I was especially disheartened by the mystifying (and total) absence from Mr. Casey's narrative of Joseph P. Kennedy, Roosevelt's anti-British ambassador to Britain. No one tried harder than Joseph P. to persuade Roosevelt that England was moribund in 1940 and to declare Hitler the winner. No other book on this period manages to ignore Kennedy so completely. And would somebody please tell Mr. Casey that the famous 1936 election poll that predicted a Landon landslide was conducted by the Literary Digest, not the Reader's Digest.
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2 of 2 people found the following review helpful
4.0 out of 5 stars FDR fan and history buff June 11, 2012
By Rhouse
Format:Kindle Edition
Love him or hate him, there's no denying FDR was a master at what he did. After vowing to keep the U.S. out of European conflicts, FDR realized America had to be involved. Through subtle (and not so subtle) means, Roosevelt quietly manipulated the public while being constrained by popular isolationist opinion and his own campaign promises. What a position for FDR...watching Hitler's rise, the world's political and economic climate...and having to make each move deftly, like pieces on a chessboard, to do what he believed was necessary . Not just for the immediate causes of our European allies, but for America AFTER the war as well.
Through a propaganda campaign that would shame even the most extreme politicians of the 21st century, FDR, well... 'cautiously crusades' his cause.

If you enjoy politics or are a history buff, this book is an interesting study of the presidency, politics, public opinion and WWII. "Cautious Crusade" covers it all, and does so without making FDR a hero nor a villain.
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1 of 1 people found the following review helpful
Format:Kindle Edition|Verified Purchase
Franklin D. Roosevelt has always been considered one of the greatest presidents in the history of our nation. In fact many sons of the era were named after him including one of my former managers that I reported to. I wrote my final 40 page college major (Government) paper on his accomplishments and legacy.

This book was very detailed revealing a complex man who had to deal with a multitude of political, personal and physical issues during a period in time when our country was threatened by the "Great Depression", Nazi Germany, The Empire of Japan and an isolationist movement. This was while suffering the painful and debilitating effects from polio including paralysis from the waist down. I discovered so many new facts about him that I intend to re-read the book a second and third time. He was president from 1932 until his untimely death in 1945 just before the end of World War II. His death was devastating to most of the nation. I highly recommend it to anyone interested in the history of our nation, the facts behind his decisions and the complex issues present at the time. He is responsible for many of the institutions and culture present in our country today including Social Security, the two term rule for presidents and the sanctity of equal and civil rights for all citizens of all races. A must read even if you don't like his actions and decisions.
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1 of 1 people found the following review helpful
3.0 out of 5 stars Roosevelt PR August 7, 2012
Format:Kindle Edition|Verified Purchase
Interesting subject that normally does not get in a book by itself. Surprising
that public opinion meant so much to FDR. Obviously, newspapers don't have the
same amount of pull as the 1930's and 40's. Worth the effort to read, although
the writing at times get tedious.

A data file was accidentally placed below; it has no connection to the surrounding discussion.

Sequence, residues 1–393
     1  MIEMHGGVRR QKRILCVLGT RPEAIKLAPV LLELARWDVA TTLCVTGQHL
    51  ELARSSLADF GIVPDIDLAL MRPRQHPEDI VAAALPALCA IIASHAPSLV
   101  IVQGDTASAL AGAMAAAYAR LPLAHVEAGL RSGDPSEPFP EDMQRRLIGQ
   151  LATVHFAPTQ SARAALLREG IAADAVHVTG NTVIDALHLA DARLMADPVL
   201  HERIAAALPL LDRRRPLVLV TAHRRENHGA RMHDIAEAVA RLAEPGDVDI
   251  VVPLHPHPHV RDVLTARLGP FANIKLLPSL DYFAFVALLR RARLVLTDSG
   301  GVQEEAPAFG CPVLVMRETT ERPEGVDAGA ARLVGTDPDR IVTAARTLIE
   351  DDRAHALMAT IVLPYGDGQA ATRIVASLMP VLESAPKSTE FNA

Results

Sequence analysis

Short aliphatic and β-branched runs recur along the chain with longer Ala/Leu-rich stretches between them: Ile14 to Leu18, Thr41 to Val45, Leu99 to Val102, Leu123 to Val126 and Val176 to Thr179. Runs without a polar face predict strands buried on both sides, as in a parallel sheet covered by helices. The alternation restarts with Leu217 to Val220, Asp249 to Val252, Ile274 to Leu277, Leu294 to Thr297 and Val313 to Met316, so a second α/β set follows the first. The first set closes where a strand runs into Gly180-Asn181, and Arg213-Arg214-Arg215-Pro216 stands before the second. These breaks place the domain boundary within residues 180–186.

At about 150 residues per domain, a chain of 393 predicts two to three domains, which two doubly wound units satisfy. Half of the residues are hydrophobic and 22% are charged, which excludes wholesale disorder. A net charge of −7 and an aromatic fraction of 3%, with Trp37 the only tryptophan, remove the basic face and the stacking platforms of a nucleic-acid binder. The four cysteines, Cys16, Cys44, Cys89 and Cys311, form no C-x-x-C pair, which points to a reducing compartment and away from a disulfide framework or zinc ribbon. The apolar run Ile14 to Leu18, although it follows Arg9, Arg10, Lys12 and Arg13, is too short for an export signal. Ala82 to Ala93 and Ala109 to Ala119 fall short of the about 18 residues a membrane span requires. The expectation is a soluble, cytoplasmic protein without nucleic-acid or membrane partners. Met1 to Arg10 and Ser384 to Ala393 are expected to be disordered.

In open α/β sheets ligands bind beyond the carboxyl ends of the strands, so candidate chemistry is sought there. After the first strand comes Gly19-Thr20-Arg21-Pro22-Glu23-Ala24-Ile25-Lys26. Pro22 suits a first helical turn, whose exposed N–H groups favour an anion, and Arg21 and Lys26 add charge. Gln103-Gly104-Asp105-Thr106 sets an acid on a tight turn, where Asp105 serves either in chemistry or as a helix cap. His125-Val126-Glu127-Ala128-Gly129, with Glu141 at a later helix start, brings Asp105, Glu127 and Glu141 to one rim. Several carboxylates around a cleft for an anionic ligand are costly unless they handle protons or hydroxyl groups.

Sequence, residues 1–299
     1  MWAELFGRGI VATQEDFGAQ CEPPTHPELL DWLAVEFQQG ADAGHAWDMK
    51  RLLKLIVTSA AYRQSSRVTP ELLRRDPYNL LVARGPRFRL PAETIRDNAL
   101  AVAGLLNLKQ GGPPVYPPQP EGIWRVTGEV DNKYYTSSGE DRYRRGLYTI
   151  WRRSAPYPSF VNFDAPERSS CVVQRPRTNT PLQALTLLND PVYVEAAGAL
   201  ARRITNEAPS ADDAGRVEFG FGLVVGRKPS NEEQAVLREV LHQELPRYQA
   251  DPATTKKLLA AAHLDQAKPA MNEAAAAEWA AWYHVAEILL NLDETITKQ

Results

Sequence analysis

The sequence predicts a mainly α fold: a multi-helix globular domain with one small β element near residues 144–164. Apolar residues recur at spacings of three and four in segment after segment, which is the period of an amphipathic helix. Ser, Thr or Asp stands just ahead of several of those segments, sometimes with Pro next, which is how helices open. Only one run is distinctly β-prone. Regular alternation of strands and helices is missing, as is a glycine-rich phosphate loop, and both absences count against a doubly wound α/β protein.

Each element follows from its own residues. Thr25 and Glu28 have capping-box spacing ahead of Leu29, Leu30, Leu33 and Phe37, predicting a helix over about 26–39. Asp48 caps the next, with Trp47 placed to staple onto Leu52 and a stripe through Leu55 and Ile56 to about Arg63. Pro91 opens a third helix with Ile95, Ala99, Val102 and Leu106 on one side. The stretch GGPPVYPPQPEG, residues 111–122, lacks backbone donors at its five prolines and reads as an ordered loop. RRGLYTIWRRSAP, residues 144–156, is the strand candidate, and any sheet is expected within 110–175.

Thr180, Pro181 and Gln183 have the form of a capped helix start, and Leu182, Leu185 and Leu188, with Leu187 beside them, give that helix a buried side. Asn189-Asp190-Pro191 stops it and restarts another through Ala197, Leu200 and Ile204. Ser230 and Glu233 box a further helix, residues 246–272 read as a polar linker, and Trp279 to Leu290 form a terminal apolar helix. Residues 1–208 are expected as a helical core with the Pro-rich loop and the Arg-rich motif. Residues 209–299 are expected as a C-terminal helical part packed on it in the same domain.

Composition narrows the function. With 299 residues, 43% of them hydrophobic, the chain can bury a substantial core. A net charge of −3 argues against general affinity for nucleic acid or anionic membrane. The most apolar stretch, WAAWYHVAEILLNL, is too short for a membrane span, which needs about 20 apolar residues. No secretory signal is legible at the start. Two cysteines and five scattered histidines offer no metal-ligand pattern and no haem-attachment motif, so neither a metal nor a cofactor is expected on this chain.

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4.0 out of 5 stars Interesting July 6, 2014
Format:Kindle Edition|Verified Purchase
This is an interesting piece on the history of FDR's thoughts and actions on and during WWII. If you are old enough to remember WWII and enjoy history I think you will like this.
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Most Recent Customer Reviews
2.0 out of 5 stars ACADEMIC HISTORY--HO-HUM
I found this almost impossible to read with any interest. It read like a thesis and a not terribly interesting one at that. My apologies to the author.
Published 15 months ago by Janemb35
4.0 out of 5 stars Cautious Crusade: Franklin D. Roosevelt, American Public Opinion' and...
An excellent historically correct book.."Cautious Crusade: Franklin D. Roosevelt, American Public Opinion, and the War against Nazi Germany" reviews the years of the second... Read more
Published 19 months ago by Louis Green
4.0 out of 5 stars Great book for people that like history.
It provides good information how decision are made at the executive level. It is not the kind of book that I could not put down, but when I had time i enjoyed it.
Published 19 months ago by LAK1979
3.0 out of 5 stars Well-documented history.
The "Cautious Crusade" is a detailed reading of how FDR used opinion polls to help him craft his public responses to the political issues of World War II. Read more
Published 20 months ago by Connie White
4.0 out of 5 stars How the leaders shape opinion and vice versa
Excellent companion to Wings of Justice. Also a good primer to any study of the morality of war in the latter half of the 20th and the 21st centuries.
Published 20 months ago by ac
4.0 out of 5 stars Tiptoeing into WWII
This is well written history of how we slowly, insidiously slide into WWII. Clearly lots of Americans knew we were going to end up participating in WWII. Read more
Published 23 months ago by Amazon Customer
5.0 out of 5 stars Cautious crusade
reveals much about FDR's decision during war time than previously printed.
Also hopw news papers andnnews organizations use their connections for swaying peoples... Read more
Published on June 29, 2012 by John W. Glass
3.0 out of 5 stars Interesting facts!
Liked that the writer did his homework and revealed facts that were not known to the public at the time. Book ended too soon though page wise thought, it would be a longer book.
Published on June 17, 2012 by Wally